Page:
BMI was developed by Lambert Adolphe Jacques Quetelet in the early 1800s to describe the average man. Does this mean today’s medical and health community assumes the average man of the 1800s was the same as the average man of today? With a far less advanced food system, being underweight was a much more common problem than being overweight. To base what’s ideal for people today on what was normal then just doesn’t seem to make much sense.
7. It wasn’t intended to measure fatness.
The first problem with BMI I addressed was that it doesn’t measure body fat. That’s because it wasn’t meant to. Quetelet was a statistician, not a physician. He developed the formula as an easy way to track the weight of the general population to help the government allocate resources (NPR). He didn’t intend it to be used to calculate an individual’s fatness.
So Why do Doctors and All Sorts of Organizations Keep Using the BMI?
BMI is useful for monitoring general weight trends among populations – just like its creator intended.
On an individual basis, it gives a ballpark figure for health screening in a way that’s fast, convenient, and affordable. More precise body composition measuring methods require sophisticated equipment and trained specialists. It’s simply not practical or feasible for doctors to give every patient a full-body scan to determine his or her exact level of fatness. The BMI gives an estimate that can serve as a starting point for assessing an individual’s health in regards to weight. But it’s certainly not the only factor determining overall health, so take your BMI with a grain of salt.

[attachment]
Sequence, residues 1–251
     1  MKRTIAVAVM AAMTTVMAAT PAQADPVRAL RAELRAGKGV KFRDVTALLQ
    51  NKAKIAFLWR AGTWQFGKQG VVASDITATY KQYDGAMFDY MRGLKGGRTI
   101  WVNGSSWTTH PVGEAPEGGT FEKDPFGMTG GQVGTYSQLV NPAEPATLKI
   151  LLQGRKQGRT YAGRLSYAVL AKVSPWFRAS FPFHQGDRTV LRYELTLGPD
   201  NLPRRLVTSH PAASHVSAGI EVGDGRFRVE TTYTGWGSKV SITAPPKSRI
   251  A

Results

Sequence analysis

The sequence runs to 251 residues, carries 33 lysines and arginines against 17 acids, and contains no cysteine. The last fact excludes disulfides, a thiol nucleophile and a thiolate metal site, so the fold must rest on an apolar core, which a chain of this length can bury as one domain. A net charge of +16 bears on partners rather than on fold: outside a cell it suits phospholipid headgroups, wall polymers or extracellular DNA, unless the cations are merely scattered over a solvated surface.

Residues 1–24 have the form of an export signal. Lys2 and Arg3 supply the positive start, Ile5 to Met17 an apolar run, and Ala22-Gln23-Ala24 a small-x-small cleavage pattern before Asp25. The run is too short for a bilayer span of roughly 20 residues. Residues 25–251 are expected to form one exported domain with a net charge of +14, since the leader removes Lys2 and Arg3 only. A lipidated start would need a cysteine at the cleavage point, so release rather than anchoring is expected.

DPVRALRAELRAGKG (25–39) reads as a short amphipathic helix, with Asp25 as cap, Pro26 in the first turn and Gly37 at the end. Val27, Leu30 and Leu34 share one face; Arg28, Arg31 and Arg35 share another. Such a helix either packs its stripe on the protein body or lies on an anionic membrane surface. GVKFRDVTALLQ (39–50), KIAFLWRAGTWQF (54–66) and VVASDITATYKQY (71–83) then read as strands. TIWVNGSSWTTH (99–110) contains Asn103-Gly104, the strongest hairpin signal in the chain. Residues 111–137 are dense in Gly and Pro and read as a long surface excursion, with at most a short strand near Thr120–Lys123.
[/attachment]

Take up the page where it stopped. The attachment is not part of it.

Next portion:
To Get a Better Picture of your Health, Consider these Additional Factors:
- Do you exercise regularly?Â Physical activity can be huge in determining your health. Regardless of your weight, you’ll be healthier if you lead an active lifestyle.
- Do you eat a healthy diet? To be healthy, eat healthy. A diet high in sugary and salty processed foods is obviously unhealthy. Eat a well-balanced diet for a full range of nutrients. It mayÂ also be a good idea toÂ take a multivitamin. And make sure you’re getting enough fiber. Not only good for regularity, fiber stays in the stomach longer, helping you feel fuller. It can also help move fat through the digestive system more quickly so your body absorbs less (source). If you have trouble getting enough fiber in your diet, consider adding a supplement.
- What’s your family history? Consider the health of blood relatives. Is heart disease or diabetes common in your family? If you have a family history of certain illnesses related to weight, you could be at increased risk regardless of where you fall on the BMI scale.
Don’t let a number, whether it’s on the scale or on a chart, rule your life. There’s way more to health than your BMI.
If you have concerns about your weight, consult a health professional for a more in-depth analysis. And if a weight-loss routine is called for, we carry a variety of supplements to support your diet and exercise habits.
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About BMI for Adults – CDC
Why BMI is a Big Fat Scam -Â Mother Jones
Much-Criticized Body Mass Index Endures as a Fatness Guide -Â Wall Street Journal